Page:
When early-stage software entrepreneurs begin to think about raising money, the field can seem overwhelming at first glance. There are a variety of capital options out there, each with different benefits. Cost of capital is one extremely important consideration for early-stage software entrepreneurs thinking about raising money.
Cost of capital is the return on investment an investor or investment firm receives. This return can come in many forms, whether via a traditional interest rate for bank loans, stock value for traditional venture equity, or, in the case of revenue-based financing, a monthly royalty on sales.
When considering the cost of capital of venture equity, there are a couple considerations for an entrepreneur. The benefit of traditional equity is that companies do not need to return funds to a venture equity firm until an exit – whether that’s through selling the company, going public, or other similar options. However, the cost of capital of venture equity rises as a company’s valuation increases.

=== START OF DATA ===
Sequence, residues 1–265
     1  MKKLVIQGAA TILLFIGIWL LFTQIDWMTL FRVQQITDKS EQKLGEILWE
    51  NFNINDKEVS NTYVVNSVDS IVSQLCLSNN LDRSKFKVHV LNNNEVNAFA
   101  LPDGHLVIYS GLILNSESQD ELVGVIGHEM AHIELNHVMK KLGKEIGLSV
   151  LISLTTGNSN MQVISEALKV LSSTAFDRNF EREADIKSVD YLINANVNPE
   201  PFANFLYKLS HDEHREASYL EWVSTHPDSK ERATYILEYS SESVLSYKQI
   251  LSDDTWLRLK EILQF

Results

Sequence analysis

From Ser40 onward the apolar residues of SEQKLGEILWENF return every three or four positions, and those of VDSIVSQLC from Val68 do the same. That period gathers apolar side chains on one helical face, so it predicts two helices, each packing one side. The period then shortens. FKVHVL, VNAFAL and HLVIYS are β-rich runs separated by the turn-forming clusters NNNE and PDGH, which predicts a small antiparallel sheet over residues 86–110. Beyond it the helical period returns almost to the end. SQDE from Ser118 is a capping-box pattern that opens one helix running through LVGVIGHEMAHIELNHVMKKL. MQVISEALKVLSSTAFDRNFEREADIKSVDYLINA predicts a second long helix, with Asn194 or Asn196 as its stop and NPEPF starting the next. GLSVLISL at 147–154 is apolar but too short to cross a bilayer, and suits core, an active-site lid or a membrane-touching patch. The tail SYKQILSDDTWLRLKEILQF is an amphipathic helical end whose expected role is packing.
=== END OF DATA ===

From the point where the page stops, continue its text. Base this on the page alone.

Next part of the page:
As a comparison, the cost of capital of revenue-based financing remains flat, regardless of your company’s value. Revenue-based financing requires ongoing payments, though, and the amount of capital may not be as high as an equity firm can provide.
As an example, in 2010, Slack raised $8.1M during their Series A. In 2019, those Series A investors’ positions grew to billion-dollar-plus holdings, translating to an internal rate of return (IRR) of 90% and a 376x return on invested capital.
There are many aspects to consider when deciding between capital options, cost of capital being only one. However, cost of capital must be evaluated in the context of your business’ needs, metrics, and overall financial strategy.